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10 food safety mistakes you may be making
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10 food safety mistakes you may be making

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Tara Dunker

Tara Dunker

September is National Food Safety Education Month.

Last year around this time, I made a list to celebrate. But if you’re anything like me, you forgot all about it, so here’s a refresher.

Below are 10 mistakes you may be making when it comes to food safety, according to the Centers for Disease Control and Prevention.

1. Eating “risky” foods if you are more likely to get food poisoning. Are you an adult age 65 or older, a pregnant woman or a person with a weakened immune system? I’m guessing you’re not a child under five years old, but you may know one. These people should avoid undercooked or raw animal products (meat, chicken, eggs or seafood), and unpasteurized milk, cheeses and juices.

2. Not washing your hands well. Hopefully everyone is washing their hands, but did you know thorough hand washing means 20 full seconds of scrubbing with soap and water? That’s about the length of time it takes to sing your ABCs.

3. Rinsing raw meat and poultry. Doing this can spread germs to your sink, countertops and other kitchen surfaces. Those germs are then one step closer to getting on ready-to-eat foods, like salads and cut fruit, possibly making you sick. Cooking these products to the proper temperature reduces harmful germs—no need to rinse.

4. Peeling fruits and vegetables without rinsing them first. Because these foods are often eaten raw, it is important to rinse them under running water to remove harmful germs. Use a clean vegetable brush to scrub firm produce like melons, potatoes and cucumbers. This will prevent germs from being transferred to the inside when cut or peeled.

5. Putting cooked meat back on a plate that held raw meat. This mistake is most often made during grilling season when a well-meaning backyard griller takes a plate of raw meat out to the grill, only to serve the cooked meat on the same plate. Avoid this by using separate plates for raw and cooked meat, poultry and seafood.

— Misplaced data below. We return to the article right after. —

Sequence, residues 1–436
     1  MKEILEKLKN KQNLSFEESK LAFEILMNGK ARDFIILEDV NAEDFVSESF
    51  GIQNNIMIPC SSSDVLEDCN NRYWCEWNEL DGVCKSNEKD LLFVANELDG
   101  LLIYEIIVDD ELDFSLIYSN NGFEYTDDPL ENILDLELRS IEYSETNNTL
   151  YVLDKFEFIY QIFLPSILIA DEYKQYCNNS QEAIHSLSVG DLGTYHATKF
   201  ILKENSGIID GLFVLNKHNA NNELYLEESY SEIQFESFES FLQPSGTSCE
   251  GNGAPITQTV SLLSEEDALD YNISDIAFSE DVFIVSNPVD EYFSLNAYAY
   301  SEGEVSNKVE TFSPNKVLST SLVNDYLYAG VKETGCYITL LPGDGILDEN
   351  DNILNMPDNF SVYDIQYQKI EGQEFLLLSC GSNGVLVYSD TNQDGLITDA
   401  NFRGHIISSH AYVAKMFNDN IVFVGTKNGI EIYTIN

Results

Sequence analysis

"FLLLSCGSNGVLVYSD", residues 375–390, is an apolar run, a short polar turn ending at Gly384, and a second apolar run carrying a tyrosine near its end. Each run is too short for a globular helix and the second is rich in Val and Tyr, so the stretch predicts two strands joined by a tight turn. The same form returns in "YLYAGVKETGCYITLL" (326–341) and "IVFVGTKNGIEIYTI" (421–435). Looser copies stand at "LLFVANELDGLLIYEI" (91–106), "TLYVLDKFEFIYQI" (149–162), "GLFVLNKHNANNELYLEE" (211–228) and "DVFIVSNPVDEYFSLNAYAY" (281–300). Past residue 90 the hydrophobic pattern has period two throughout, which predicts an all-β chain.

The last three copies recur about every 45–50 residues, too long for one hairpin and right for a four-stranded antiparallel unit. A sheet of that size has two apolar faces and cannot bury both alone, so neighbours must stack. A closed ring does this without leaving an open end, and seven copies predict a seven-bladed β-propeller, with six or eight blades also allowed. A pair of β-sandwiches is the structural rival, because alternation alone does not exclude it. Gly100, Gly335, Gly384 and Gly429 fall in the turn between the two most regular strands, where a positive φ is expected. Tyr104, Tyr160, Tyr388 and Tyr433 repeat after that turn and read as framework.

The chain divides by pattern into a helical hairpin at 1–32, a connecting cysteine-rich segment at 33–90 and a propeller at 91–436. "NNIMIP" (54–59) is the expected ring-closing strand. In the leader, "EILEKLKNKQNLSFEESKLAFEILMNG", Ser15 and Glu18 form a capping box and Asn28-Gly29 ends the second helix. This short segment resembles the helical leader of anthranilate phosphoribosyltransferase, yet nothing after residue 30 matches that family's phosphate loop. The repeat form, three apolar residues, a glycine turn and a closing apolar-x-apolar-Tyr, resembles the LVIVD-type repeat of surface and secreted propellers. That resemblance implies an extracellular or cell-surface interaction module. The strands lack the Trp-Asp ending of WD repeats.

6. Not cooking meat, poultry, seafood or eggs thoroughly. Roughly one in five burger patties turn brown before a safe food temperature is reached, so color is not an accurate indicator of doneness. The only way to know food has been cooked thoroughly is to use a food thermometer. Visit food.unl.edu for a detailed list of foods and safe temperatures.

7. Eating foods with uncooked flour or eggs. Unfortunately, this includes licking the spoon while making cookie or brownie batter. Uncooked flour and eggs may contain E. coli, Salmonella or other harmful bacteria. This also means people who are more likely to get food poisoning may want to avoid things like runny eggs, hollandaise sauce and eggnog.

8. Tasting or smelling food to see if it’s still good. You can’t taste, smell or see the germs that cause food poisoning. Instead, be sure to keep your fridge at or below 40ºF, and check out the safe storage chart at cdc.gov to help you know when it’s time to throw something out.

9. Thawing or marinating food on the counter. Harmful germs can double every 20 minutes at room temperature. Let’s say a piece of meat starts out with a relatively harmless level of 1,000 individual germs and is left on the counter to thaw for three hours. At three hours that piece of meat now has 512,000 individual germs hanging out on its surface, ready to make whoever eats it sick. Instead, thaw food in the fridge, in cold running water or in the microwave as part of the cooking process. And always marinate food in the fridge.

10. Leaving food out too long before putting it in the fridge. As explained in number nine, harmful germs can multiply rapidly at room temperature. Never leave food at room temperature for longer than two hours. If a food is exposed to hot temperatures, like at an outdoor potluck or in a hot car, play it even safer by refrigerating within one hour. Divide large food (like roasts) into smaller portions to cool faster, and know that it’s ok to put warm food in the fridge as long as it’s packaged small enough to cool quickly.

If you have any further questions, please contact Tara Dunker at 402-223-1384, tara.dunker@unl.edu, or visit the Gage County Extension website at www.gage.unl.edu.

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